The Declaration of Independence
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Americans Will Celebrate 1775 as a "Glorious Era" (1780)
By John Wilkes, from speech in Parliament, 1780
MR. SPEAKER, —
It ill becomes the duty and dignity of Parliament to lose itself in such a fulsome, adulatory address to the throne as that now proposed. We ought rather to approach it with sound and wholesome advice, and even with remonstrances against the ministers who have precipitated the British nation into an unjust, ruinous, murderous, and felonious war. I call the war with our brethren in America an unjust and felonious war, because the primary cause and confessed origin of it is to attempt to take their money from them without their consent, contrary to the common rights of all mankind and to those great fundamental principles of the English constitution for which Hampden bled. I assert that it is a murderous war, because it is an effort to deprive men of their lives for standing up in the defence of their property and their clear rights. Such a war, I fear, will draw down the vengeance of heaven upon this kingdom.
Sir, is any minister weak enough to flatter himself with the conquest of America? You cannot, with all your allies, with all the mercenary ruffians of the North, you cannot effect so wicked a purpose! The Americans will dispute every inch of territory with you, every narrow pass, every strong defile, every Thermopylae, every Bunker Hill! More than half the empire is already lost, and almost all the rest is in confusion and anarchy. We have appealed to the sword, and what have we gained? Are we to pay as dear for the rest of America? The idea of the conquest of that immense country is as romantic as it is unjust.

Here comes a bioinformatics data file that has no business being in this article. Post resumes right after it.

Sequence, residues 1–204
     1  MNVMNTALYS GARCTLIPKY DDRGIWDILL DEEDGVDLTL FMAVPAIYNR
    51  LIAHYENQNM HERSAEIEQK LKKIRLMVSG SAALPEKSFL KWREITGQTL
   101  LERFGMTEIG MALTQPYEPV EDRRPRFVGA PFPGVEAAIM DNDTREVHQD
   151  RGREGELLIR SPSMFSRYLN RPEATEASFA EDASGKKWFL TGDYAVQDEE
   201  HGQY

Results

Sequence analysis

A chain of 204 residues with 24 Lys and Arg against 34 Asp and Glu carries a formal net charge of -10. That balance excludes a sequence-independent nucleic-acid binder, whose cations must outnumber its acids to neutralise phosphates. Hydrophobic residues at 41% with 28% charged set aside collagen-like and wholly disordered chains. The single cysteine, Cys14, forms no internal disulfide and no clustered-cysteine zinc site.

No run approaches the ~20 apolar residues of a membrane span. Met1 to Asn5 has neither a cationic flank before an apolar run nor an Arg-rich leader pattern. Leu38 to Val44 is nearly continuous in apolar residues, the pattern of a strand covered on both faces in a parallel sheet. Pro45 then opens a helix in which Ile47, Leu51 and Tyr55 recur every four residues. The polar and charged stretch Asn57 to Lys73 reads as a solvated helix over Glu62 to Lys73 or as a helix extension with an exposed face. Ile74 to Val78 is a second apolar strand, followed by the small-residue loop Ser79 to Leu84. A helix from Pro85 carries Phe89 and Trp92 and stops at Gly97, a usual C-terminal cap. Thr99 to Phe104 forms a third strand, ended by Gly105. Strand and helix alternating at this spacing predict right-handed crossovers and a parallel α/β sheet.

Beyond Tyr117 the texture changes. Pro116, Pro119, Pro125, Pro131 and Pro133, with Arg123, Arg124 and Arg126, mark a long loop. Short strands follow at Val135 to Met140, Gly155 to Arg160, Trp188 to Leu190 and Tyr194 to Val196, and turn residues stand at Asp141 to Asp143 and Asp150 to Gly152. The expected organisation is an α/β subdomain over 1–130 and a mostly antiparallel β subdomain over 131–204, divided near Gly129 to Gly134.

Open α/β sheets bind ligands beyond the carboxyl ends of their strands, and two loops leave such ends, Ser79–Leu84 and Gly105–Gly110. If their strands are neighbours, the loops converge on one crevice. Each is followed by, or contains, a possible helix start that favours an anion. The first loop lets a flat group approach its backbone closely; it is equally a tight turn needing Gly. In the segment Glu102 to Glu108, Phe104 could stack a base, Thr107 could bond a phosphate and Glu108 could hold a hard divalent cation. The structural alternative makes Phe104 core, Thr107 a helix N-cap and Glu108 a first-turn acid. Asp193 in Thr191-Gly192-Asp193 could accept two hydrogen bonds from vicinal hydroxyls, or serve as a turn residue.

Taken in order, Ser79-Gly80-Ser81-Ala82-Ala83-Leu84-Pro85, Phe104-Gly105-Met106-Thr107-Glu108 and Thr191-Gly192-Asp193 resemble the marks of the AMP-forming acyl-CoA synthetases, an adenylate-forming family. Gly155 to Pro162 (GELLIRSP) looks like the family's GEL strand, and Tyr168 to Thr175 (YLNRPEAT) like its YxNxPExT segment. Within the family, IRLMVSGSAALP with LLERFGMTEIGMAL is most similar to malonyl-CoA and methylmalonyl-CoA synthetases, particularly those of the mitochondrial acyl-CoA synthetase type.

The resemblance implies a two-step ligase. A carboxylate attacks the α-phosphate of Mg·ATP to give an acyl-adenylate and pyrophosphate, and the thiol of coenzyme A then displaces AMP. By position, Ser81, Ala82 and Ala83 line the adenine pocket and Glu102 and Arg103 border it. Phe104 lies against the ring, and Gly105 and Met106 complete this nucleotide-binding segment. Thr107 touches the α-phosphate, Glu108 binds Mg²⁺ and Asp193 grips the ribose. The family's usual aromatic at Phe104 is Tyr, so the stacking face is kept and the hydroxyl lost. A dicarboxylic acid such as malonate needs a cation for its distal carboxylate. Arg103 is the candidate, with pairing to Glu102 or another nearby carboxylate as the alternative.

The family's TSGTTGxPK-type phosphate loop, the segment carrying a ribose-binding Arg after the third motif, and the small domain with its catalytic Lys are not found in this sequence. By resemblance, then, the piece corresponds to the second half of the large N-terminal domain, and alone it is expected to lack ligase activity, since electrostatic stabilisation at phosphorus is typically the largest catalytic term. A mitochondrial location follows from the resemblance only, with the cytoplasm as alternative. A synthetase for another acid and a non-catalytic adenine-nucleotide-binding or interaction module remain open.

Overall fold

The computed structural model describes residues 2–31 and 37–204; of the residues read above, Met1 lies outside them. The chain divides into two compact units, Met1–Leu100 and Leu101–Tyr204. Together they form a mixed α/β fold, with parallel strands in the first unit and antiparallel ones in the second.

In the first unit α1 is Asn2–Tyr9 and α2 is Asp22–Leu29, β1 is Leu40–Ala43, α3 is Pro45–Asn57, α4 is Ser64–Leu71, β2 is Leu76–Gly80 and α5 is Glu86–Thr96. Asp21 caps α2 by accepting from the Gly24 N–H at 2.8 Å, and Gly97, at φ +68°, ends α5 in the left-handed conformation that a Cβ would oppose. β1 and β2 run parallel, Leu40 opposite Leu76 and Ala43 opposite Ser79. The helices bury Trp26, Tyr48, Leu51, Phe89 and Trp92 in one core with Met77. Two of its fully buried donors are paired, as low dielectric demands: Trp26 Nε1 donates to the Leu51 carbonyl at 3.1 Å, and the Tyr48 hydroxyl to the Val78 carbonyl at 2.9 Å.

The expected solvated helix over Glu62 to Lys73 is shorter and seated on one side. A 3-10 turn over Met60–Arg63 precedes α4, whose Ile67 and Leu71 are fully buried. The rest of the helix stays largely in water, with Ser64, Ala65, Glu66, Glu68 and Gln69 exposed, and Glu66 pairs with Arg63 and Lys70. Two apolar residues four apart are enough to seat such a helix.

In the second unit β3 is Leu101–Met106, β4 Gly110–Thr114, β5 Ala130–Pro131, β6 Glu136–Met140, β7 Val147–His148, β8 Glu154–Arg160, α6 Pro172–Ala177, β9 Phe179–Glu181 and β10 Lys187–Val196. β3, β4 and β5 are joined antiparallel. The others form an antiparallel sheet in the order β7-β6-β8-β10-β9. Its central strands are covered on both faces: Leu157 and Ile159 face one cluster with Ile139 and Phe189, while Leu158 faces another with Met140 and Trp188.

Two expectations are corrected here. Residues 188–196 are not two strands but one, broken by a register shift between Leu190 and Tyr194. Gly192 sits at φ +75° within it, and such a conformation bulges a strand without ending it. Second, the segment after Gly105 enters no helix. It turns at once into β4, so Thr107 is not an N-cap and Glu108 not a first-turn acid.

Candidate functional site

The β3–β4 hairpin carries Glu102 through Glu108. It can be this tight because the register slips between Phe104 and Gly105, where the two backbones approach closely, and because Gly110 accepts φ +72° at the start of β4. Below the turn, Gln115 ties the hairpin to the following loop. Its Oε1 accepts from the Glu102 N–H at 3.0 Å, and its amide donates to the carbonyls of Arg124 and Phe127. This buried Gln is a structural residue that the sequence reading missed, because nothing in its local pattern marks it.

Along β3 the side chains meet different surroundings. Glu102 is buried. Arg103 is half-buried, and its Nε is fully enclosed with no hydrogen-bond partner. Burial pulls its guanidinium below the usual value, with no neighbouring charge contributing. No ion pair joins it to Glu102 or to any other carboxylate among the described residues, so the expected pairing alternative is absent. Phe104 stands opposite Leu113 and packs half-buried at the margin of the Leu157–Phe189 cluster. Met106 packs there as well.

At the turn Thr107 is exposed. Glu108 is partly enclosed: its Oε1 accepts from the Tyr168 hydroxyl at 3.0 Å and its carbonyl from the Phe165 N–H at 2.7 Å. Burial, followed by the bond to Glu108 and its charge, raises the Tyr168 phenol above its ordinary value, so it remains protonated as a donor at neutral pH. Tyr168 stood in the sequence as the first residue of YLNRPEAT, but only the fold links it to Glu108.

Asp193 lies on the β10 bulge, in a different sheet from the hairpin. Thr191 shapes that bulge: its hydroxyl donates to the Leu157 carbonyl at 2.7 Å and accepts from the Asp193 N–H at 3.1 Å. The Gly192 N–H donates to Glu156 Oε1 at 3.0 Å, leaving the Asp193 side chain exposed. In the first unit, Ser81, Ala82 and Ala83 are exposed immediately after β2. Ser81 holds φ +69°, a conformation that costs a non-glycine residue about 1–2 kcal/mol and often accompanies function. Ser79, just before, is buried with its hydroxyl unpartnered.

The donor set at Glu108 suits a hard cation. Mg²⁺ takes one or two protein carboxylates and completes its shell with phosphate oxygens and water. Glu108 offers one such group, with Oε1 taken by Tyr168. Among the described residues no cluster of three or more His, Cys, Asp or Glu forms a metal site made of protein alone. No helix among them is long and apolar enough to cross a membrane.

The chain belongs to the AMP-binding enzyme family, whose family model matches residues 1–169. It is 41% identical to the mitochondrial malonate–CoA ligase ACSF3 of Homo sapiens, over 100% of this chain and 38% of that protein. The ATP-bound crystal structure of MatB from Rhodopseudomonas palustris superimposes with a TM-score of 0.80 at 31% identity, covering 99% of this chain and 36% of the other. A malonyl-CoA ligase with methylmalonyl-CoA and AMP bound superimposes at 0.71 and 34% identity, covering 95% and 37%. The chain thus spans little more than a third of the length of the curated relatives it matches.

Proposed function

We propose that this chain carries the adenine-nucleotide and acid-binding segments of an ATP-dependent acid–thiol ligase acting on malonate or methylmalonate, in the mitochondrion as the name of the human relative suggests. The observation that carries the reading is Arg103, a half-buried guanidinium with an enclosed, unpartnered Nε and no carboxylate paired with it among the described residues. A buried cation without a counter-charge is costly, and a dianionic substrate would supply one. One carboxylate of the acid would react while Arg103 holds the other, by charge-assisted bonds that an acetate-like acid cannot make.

But "the Americans have been treated with lenity"! Will facts justify the assertion? Was your Boston "Port Bill" a measure of lenity? Was your Fishery Bill a measure of lenity? Was your bill for taking away the charter of Massachusetts a measure of lenity? I omit your many other gross provocations and insults by which the brave Americans have been driven to their present state. Whether that state is one of rebellion or of fit resistance to unlawful acts of power I shall not declare. This I know: a successful resistance is revolution, not a rebellion. Rebellion, indeed, appears on the back of a flying enemy, but revolution flames on the breastplate of the victorious warrior.
Who can tell whether, in consequence of this day's action, the scabbard may not be thrown away by them as well as by us, and, should success attend them, whether in a few years the independent American may not celebrate the glorious era of the Revolution of 1775 as we do that of 1688?